3) Ministry Effectiveness – What do lock-ins actually accomplish? How does it advance the Kingdom and proclaim the Gospel in the darkness? How does it cause students to grow in their walk with Christ? In the effort to redeem the night, devotions, worship services, and evangelistic pushes are done in order to see fruit come from the lock-in. And those are commendable. The one lock-in I’ve led, we had periods of worship and teaching through the night. However, in the big-picture grand-scheme of student ministry where we as youth pastors have only a short window of opportunity to see students transformed by the Gospel and equipped to be mature, self-feeding disciples, does it really accomplish anything? Does having a worship service or Gospel presentation in the night outweigh the fact that emotions are high, brains are tired, and the body is fighting its natural impulse to sleep? I would say no. Not that I doubt the sovereignty of God to save a teenager at 4AM hyped up on Red Bull, but because in those moments the last thing many people are capable of is making a mature decision. So, in the name of effectiveness and grand-scheme, I’ve chosen to lead our student ministry to be less focused on these events and more focused on intentional missions and ministry opportunities. Not saying that’s had earth-shattering results either, but I feel it does set them up for more effective service to Christ in the long run.
4) Other Options – In light of this, what are some other options for a student ministry to do? The last thing I want to do is create the impression that church, Christianity, and the life of a disciple is boring. What can be boring about serving the God of the Universe who spoke everything into existence? No, this is the God who gave life and gave it to the fullest, to be enjoyed in Him. Here’s some options, some I’ve done before and some I’d love to do in the future.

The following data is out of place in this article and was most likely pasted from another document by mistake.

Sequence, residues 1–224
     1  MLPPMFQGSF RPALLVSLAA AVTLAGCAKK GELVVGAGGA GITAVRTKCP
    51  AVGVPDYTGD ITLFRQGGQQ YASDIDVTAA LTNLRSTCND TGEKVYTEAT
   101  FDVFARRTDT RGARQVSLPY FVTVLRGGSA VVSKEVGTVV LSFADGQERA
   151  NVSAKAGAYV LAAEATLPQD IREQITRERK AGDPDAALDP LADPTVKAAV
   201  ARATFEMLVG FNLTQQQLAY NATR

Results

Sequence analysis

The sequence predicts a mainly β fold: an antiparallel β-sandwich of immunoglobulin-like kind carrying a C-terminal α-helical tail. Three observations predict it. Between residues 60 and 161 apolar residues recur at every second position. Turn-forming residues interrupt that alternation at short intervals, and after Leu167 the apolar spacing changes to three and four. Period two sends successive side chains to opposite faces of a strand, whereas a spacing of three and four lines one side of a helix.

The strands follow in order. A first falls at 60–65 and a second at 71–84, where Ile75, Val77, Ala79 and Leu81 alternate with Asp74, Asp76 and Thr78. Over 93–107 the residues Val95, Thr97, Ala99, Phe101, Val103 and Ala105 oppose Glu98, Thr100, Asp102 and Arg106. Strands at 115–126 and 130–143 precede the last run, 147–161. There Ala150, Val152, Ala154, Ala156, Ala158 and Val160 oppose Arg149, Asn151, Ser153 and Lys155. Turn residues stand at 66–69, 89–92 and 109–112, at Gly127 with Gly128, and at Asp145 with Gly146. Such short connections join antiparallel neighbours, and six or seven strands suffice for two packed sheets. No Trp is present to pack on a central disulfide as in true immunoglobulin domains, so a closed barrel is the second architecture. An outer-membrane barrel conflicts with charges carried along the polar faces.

- Getaways – Sometimes you just need to get away for a weekend, go out of town to a campsite or retreat center. Play some games, do team building, get lost in the woods on a snipe hunt, and spend some major time in prayer and worship.
- Late nights – You can squeeze in a ton of fun in a few hours if you plan it right. When we do late nights every minute is scheduled, there is no down time to sit around and get bored. From NERF wars in our gym to worship services to going off-site to bowl, eating a giant ice cream sundae served in a 10-foot rain gutter. And the best part, everyone goes home and the adults get to sleep in their comfy beds!
- Road trips – Go midnight skiing, hop in the vans and go play broom-ball or laser tag, get out of town and do something. Are you going to be up all night? Maybe. But you’re doing something, you’re getting out of the church walls, and creating memories that will far outlast breaking that vase in the foyer or getting a bone bruise running into a pew. For these, make sure you have enough drivers so you’re not dependent on one person to bear the weight of that (I always try to have someone as a backup in case I can’t stay awake – it’s not worth it to wreck)
- Friday night activities – I always tell our students, church starts on Saturday night with a good night’s rest so you’re alert, awake, and able to absorb what’s being taught. So I try to avoid Saturday events and activities unless they can be over by 10PM. Friday nights allow for a recovery day, so if I do any late activity I always schedule it for Friday. The beauty in this is usually students are tired from their school week so there’s less energy to stay up all night, so by the time it ends at midnight or 1 they’re ready to go too. It’s a stewardship practice more than anything, I want the limited time our students are in church to count, not be on the border of being a zombie while sitting under Scripture’s teaching.
All that said, if you’re reading this and saying “our lock-ins are showing a lot of fruit, and we’ve seen a lot of discipleship, growth, and maturity come from them” then I want to know what you’re doing. I hate staying up all night, I have a 1 year old who keeps me up enough nights, but if there’s some fruit that could come from it, I’m open to it. Until then, I’ll threaten students who suggest lock-ins with washing their mouth out with soap.
Tomorrow’s cuss word: Youth Group